3. It seems that the coastal New England P. pyralis populations and the Rochester / Great lakes P. pyralis populations are not genetically linked via populations that go through the interior of NY state / the Hudson River valley. There is no bridge of >4.0˚C temperature (and hence, no P. pyralis), except for all the way around through Ohio/Appalachia! (Not shown on this map, but apparent on zooming out)
  4. There could well be some special genetic adaptations for the (slightly) colder weather that arose in the Rochester / Upstate NY P. pyralis populations, which haven’t made it over to the coastal New England populations, on account of these adaptations not being advantageous enough to spread through the “warmer” connecting populations that go through Ohio/Appalachia.

Note: The #2 heuristic above that ‘P. pyralis populations shouldn’t be found in regions below a ~4.0˚C average minimum temperature’, doesn’t match our greater P. pyralis sighting dataset (Figure 1), as a couple of P. pyralis records are found in fully <2.0˚C counties in NY. Is the <4.0˚C = no P. pyralis heuristic wrong? Or are these records from locally warm areas in otherwise cool mountainous terrain? Or are the records themselves wrong? Only more data will solve this!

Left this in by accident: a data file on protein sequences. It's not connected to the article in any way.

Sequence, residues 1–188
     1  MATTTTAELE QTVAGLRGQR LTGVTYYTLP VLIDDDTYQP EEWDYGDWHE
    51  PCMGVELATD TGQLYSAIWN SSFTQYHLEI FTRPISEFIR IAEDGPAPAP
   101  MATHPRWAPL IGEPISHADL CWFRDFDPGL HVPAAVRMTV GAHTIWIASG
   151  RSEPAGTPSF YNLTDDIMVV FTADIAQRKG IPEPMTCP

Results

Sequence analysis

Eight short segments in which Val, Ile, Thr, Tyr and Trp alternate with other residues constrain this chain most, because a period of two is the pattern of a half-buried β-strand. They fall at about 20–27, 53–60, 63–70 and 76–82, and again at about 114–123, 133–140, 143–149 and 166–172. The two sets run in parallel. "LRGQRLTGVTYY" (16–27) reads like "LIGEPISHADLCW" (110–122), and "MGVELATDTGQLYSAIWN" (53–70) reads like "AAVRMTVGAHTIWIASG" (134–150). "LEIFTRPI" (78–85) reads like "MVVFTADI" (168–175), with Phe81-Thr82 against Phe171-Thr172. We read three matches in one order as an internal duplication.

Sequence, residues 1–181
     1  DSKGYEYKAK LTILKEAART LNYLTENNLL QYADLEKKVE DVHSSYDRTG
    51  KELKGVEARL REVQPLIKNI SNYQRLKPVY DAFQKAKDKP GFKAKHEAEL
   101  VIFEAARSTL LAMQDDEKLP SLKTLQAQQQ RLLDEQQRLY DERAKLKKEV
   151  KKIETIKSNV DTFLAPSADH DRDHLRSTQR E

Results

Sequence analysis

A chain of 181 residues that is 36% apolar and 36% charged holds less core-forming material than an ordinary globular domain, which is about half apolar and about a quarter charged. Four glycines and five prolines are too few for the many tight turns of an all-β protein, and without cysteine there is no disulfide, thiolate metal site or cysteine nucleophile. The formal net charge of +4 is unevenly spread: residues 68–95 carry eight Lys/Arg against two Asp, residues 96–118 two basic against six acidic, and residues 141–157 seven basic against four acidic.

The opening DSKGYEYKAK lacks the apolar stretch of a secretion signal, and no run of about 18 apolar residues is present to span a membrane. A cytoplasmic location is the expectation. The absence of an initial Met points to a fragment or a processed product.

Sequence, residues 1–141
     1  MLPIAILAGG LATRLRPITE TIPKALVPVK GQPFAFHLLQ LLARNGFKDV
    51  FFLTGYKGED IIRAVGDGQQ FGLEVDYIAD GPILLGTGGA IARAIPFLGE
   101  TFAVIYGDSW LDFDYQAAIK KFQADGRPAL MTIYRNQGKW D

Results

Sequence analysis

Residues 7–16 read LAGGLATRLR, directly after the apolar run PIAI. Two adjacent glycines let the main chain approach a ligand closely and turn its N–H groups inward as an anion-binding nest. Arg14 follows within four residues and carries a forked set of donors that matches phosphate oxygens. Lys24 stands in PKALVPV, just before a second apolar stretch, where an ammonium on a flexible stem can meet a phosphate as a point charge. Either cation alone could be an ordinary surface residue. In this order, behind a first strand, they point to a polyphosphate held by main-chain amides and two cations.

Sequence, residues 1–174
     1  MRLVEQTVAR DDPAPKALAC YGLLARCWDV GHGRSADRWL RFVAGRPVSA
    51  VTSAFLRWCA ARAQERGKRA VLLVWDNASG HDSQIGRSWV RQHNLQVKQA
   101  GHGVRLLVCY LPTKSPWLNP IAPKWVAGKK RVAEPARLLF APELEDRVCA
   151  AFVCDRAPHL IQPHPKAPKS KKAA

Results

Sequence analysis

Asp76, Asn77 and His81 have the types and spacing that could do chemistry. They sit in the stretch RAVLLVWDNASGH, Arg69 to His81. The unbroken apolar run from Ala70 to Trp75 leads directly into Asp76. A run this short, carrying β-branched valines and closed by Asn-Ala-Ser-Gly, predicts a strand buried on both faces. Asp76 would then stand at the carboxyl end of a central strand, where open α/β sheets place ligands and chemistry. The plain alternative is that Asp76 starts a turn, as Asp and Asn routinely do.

Note: The trick for this figure is the Legend style with the P. pyralis sightings. To see how this was done and/or tweak the style, first right click the layer with the P. pyralis sightings, go to ‘Legend’, and then load this style file. The special string in the ‘Label with’ textbox defines the special 3-line label.

Part 4: Zooming in

Let’s zoom in to the Massachusetts / Rhode Island area a bit more, and try add a couple more datasets to go into more depth:

Map4 Figure 5. Zoomed in analysis